I installed one of those newfangled flourescent bulbs in my living room the other day. It's dimmer when the light first turns on, but after that it's as bright if not brighter than the previous incandescent bulb. And I think the power savings made my overhead ceiling fan run faster. When the weather gets warmer I'll have to check that out in greater detail.

Friday, May 09, 2008

Can't watch this

With Leather posted this video of Myron Cope performing a parody of MC Hammer's "Can't Touch This" about the Pittsburgh Pirates, presumably circa 1990-1992. I loved Myron Cope and everything he did, but wow, this one is hard to sit through. I especially enjoyed the part about halfway through where he devolves from "can't touch this" into unintelligible muttering. Also, a man in his mid-60s shouldn't wear a jacket with no shirt, not even for a parody video.

Thursday, May 08, 2008

NYRO's final concert of the 2007-08 season

Dear Friends of the New York Repertory Orchestra:

As our last concert of the season swiftly approaches, mark your calendars for our final musical extravaganza of 2007-2008! We have a great program planned, full of favorites and rarities – please come and enjoy it with us. Here is the information:

  • Date: Saturday, May 17, 2008
  • Time: 8:00pm
  • Place: Good Shepherd-Faith Church (152 West 66th Street)
  • Admission: FREE

  • Vincent D'Indy: Suite from "Karadec"
  • Wolfgang Amadeus Mozart: Piano Concerto No. 20 in D minor – Anna Polonsky, piano
  • Antonin Dvorak: Symphony No. 9 in E minor "From the New World"

A few notes on the music we'll be playing:

The opening work on the program will be the delightful Suite from "Karadec" by French composer Vincent D'Indy. Originally written as incidental music to a play based on Breton legends, these enchanting and tender pieces end in a boisterous Breton wedding celebration.

By turns stormy, introspective, and joyful, the Piano Concerto in D minor by Wolfgang Amadeus Mozart is one of the composer's most celebrated works. Greatly admired by both Beethoven and Brahms, this concerto has also been a favorite with audiences since its first performance. Almost operatic in its dramatic and emotional content, the concerto beautifully illuminates the expressive intensity that lay just below the graceful and elegant surface of this great composer. With pianist Anna Polonsky making her NYRO debut as soloist, this will be a performance to treasure. (Read more about our soloist below.)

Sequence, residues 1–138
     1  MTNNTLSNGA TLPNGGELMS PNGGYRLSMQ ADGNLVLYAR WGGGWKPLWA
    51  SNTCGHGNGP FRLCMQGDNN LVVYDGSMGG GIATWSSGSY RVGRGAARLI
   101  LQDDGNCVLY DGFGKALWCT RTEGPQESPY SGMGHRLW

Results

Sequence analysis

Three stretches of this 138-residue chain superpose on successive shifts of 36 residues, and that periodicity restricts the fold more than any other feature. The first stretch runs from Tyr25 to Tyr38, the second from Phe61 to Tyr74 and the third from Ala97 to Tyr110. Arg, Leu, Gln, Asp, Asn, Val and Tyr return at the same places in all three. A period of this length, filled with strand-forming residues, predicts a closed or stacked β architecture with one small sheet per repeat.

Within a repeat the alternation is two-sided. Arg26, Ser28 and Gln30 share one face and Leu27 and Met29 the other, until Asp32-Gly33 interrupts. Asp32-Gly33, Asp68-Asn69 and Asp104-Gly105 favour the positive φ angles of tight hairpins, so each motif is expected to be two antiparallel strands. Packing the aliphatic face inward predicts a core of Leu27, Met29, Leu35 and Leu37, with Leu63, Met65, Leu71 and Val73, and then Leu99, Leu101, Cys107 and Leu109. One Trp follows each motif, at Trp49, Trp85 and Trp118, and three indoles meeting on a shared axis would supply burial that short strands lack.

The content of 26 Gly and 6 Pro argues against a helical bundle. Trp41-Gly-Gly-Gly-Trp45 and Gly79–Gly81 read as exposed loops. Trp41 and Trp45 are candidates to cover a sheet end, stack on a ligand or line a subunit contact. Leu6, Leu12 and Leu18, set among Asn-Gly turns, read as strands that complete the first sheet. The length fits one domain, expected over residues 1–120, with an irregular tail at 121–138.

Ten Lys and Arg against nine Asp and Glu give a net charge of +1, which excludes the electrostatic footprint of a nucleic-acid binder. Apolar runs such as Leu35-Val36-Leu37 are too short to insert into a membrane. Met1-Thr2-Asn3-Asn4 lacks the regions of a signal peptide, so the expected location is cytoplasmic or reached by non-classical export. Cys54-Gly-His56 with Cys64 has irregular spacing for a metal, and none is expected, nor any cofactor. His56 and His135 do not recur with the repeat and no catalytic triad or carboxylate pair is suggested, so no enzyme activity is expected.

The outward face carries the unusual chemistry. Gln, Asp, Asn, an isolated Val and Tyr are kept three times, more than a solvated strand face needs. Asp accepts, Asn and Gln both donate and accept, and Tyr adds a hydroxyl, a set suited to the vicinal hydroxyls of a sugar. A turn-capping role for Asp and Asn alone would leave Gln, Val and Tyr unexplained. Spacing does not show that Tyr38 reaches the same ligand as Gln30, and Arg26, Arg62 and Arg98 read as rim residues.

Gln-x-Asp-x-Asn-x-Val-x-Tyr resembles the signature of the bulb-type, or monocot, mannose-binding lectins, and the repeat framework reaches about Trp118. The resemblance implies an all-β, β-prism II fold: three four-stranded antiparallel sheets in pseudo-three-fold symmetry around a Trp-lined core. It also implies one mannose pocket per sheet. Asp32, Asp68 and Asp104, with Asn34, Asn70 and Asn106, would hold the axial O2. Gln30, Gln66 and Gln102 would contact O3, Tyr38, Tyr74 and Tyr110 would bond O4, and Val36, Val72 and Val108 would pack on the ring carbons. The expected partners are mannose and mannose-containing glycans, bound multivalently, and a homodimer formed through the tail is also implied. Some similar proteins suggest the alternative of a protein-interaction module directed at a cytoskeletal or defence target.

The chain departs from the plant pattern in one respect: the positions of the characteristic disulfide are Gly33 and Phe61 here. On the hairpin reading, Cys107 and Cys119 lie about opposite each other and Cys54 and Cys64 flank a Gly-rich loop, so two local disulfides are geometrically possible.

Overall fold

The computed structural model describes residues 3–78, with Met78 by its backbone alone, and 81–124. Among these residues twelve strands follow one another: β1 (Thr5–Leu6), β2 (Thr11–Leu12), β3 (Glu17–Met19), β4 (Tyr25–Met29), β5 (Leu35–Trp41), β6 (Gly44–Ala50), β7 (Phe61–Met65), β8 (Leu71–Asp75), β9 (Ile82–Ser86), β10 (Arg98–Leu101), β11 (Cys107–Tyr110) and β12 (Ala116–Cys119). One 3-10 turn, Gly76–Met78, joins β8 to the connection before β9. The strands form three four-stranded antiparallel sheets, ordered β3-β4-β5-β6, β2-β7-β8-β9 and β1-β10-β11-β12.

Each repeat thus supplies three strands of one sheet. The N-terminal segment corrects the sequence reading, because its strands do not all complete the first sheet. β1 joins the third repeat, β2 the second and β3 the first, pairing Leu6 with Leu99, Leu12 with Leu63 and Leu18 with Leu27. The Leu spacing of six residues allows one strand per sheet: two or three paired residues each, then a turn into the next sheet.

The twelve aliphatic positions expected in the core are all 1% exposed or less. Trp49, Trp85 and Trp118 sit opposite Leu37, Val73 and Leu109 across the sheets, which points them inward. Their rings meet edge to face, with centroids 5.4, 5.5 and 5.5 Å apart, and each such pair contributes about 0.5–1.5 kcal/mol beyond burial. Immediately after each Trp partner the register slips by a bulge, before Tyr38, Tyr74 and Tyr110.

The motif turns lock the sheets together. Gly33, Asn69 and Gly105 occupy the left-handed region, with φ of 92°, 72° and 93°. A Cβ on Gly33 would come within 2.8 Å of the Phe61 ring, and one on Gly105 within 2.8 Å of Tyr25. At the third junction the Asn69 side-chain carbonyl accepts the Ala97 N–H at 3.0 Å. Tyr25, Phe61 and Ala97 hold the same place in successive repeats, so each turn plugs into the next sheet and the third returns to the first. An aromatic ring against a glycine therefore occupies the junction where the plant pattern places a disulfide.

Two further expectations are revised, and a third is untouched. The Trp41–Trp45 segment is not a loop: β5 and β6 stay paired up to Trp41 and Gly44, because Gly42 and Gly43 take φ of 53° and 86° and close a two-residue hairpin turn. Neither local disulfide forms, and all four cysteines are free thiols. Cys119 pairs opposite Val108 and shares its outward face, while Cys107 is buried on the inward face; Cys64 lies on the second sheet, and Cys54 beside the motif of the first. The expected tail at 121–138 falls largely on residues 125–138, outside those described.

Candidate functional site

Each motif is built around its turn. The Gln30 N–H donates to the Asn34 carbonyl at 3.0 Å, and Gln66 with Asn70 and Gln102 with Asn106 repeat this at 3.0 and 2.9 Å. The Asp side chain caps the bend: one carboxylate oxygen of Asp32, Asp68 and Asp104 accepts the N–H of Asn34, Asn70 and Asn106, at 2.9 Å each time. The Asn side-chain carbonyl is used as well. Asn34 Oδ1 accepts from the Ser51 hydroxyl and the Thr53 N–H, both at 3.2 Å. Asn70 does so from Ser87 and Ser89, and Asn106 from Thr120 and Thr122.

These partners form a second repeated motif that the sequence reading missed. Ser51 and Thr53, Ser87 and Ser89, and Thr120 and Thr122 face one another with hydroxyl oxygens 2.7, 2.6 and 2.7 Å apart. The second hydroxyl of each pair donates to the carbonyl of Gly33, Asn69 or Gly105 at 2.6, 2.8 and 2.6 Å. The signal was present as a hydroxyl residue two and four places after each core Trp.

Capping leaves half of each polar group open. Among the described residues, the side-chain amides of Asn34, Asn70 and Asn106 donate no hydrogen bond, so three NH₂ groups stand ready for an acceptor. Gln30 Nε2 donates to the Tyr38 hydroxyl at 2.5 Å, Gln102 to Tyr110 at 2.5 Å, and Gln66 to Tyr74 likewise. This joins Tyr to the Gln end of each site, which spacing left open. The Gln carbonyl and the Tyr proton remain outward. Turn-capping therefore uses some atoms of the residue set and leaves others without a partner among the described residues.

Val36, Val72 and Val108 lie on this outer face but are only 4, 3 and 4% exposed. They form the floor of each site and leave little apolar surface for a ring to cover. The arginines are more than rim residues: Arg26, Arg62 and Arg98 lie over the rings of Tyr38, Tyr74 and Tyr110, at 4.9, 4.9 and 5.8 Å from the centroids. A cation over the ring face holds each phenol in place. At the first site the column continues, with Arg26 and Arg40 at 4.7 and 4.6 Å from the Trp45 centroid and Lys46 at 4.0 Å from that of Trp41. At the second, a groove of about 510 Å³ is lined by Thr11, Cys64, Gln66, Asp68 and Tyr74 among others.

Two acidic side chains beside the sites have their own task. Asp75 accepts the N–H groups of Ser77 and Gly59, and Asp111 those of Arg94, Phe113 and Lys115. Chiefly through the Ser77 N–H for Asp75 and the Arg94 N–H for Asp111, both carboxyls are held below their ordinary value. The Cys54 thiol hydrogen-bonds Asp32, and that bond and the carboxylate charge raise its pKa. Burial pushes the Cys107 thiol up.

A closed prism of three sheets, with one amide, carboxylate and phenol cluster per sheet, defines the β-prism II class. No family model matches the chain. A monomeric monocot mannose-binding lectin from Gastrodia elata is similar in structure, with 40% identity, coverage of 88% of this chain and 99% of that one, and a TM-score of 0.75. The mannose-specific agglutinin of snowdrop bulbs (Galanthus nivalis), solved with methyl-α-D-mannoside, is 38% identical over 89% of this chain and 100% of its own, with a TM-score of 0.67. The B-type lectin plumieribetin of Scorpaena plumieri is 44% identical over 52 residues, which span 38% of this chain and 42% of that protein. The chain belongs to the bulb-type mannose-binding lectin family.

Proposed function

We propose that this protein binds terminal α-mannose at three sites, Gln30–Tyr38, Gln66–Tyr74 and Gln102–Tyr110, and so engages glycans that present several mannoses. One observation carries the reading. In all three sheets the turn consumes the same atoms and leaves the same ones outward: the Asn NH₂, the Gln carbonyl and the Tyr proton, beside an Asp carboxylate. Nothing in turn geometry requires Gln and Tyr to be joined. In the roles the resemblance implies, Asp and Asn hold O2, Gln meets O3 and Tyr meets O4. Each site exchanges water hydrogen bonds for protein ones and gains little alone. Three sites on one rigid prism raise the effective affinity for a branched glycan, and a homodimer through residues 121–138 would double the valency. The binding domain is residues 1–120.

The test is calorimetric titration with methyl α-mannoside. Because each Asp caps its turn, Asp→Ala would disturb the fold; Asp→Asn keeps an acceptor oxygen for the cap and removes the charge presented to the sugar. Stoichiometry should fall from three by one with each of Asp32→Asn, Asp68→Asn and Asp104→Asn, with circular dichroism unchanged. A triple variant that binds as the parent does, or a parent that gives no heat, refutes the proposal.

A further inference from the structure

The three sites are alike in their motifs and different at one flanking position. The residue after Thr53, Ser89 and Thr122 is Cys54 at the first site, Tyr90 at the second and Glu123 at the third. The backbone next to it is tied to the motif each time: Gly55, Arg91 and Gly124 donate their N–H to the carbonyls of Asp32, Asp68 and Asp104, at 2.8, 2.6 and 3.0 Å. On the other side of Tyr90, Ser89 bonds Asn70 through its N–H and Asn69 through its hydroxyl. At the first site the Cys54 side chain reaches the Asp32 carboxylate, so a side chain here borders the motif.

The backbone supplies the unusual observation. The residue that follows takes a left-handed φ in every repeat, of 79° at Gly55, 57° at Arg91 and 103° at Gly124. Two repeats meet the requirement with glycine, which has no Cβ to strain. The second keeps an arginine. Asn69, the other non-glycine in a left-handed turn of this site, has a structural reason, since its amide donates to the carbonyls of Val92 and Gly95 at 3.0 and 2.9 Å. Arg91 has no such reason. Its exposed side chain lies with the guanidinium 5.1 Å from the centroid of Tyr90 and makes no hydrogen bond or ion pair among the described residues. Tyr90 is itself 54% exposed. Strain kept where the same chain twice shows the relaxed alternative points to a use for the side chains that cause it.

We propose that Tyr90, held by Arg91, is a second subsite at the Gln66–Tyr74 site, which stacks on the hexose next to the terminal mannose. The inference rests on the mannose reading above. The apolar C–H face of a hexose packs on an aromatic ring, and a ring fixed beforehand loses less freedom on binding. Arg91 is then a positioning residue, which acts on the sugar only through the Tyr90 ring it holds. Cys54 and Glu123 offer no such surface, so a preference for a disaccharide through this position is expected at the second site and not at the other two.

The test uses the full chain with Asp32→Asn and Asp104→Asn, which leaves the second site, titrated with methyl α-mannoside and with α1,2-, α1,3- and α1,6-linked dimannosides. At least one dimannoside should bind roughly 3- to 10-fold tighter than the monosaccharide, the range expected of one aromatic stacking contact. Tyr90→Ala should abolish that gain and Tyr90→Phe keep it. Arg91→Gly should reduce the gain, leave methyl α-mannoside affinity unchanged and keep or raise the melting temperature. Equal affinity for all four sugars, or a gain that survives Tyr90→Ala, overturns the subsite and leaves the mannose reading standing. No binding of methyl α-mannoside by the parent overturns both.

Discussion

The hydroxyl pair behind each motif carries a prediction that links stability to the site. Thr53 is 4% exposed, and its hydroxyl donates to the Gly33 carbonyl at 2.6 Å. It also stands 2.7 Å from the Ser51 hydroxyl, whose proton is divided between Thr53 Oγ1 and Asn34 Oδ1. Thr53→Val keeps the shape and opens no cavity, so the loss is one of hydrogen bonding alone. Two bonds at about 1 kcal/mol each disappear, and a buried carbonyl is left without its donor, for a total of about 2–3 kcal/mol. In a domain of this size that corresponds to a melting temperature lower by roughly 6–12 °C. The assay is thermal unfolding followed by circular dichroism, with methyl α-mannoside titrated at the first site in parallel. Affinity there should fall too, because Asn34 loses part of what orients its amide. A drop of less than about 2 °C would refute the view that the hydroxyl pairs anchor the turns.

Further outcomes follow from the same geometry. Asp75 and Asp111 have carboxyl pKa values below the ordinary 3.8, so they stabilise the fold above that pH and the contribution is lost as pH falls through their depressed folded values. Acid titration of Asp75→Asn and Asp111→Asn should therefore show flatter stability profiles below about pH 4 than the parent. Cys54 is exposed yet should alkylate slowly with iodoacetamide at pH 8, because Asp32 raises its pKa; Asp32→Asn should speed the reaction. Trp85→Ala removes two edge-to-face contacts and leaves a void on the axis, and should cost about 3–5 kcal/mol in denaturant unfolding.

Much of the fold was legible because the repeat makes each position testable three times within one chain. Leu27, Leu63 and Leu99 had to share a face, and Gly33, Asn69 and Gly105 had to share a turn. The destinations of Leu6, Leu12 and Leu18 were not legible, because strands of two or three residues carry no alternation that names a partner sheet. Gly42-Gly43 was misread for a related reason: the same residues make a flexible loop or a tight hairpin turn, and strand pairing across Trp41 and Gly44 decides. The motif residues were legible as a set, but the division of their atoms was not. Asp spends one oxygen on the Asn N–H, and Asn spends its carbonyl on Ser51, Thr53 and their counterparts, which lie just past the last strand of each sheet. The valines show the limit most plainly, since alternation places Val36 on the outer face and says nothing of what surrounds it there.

The main work on the program will be the monumental Symphony No. 9 in E minor "From the New World," by Czech composer Antonin Dvorak. One of the great masterpieces of the orchestral literature, Dvorak's "New World" symphony is steeped in the composer's musical experiences and explorations from his time spent in America. A favorite of audiences and musicians the world over, this great work will be a fitting conclusion to our wonderful season.

A word about our soloist:

Pianist Anna Polonsky is widely in demand as a soloist and chamber musician. She has appeared as soloist with the Moscow Virtuosi, the Buffalo Philharmonic, the St. Luke's Chamber Ensemble, the Columbus Symphony Orchestra, the Chamber Orchestra of Philadelphia, and many others. Ms. Polonsky has collaborated with the Guarneri, Orion, and Audubon Quartets, and with such musicians as Mitsuko Uchida, David Shifrin, Richard Goode, Ida and Ani Kavafian, Cho-Liang Lin, Arnold Steinhardt, Anton Kuerti, Gary Hoffman, and Fred Sherry. She is regularly invited to perform chamber music at festivals such as Marlboro, Chamber Music Northwest, Seattle, Moab, Santa Fe, Bridgehampton, Bard, and Caramoor, as well as at Bargemusic in New York City. Ms. Polonsky has given concerts in the Amsterdam Concertgebouw, Alice Tully Hall, Zankel Hall, Merkin Hall, the 92nd St. Y, and has toured extensively throughout the United States, Europe, and Asia. A frequent guest at the Chamber Music Society of Lincoln Center, she was an artist member of CMS Two during 2002-2004. In 2006 she took a part in the European Broadcasting Union's project to record and broadcast all of Mozart's keyboard sonatas, and in the spring of 2007 she performed a Carnegie Hall solo recital, inaugurating the Emerson Quartet's Perspectives Series.

All in all, a great way to end our season on the highest note possible – great music, great performers, and great fun – I hope we'll see you there!

Best regards,
David Leibowitz, Music Director
New York Repertory Orchestra

Friday, May 02, 2008

The streets are alive... with the sound of jackhammers (UPDATE)

Since Tuesday morning, the heavy-duty water repair contractors have been out on 1st Avenue cutting large holes in the street and chipping away at concrete with jackhammers. They've also deployed large replacement pipes and giant steel plates to cover the holes when they're done working for the day. I suppose that means that while the water leak was repaired two weeks ago, the DEP still needs to replace the pipes.

The good news is that my water service hasn't been interrupted all week. The bad news is that when they're not working, I hear the constant "ba-dump-dump" of car tires rolling over the steel plates. And, of course, trying to watch TV with construction noise in the background isn't easy.

This, too, shall pass.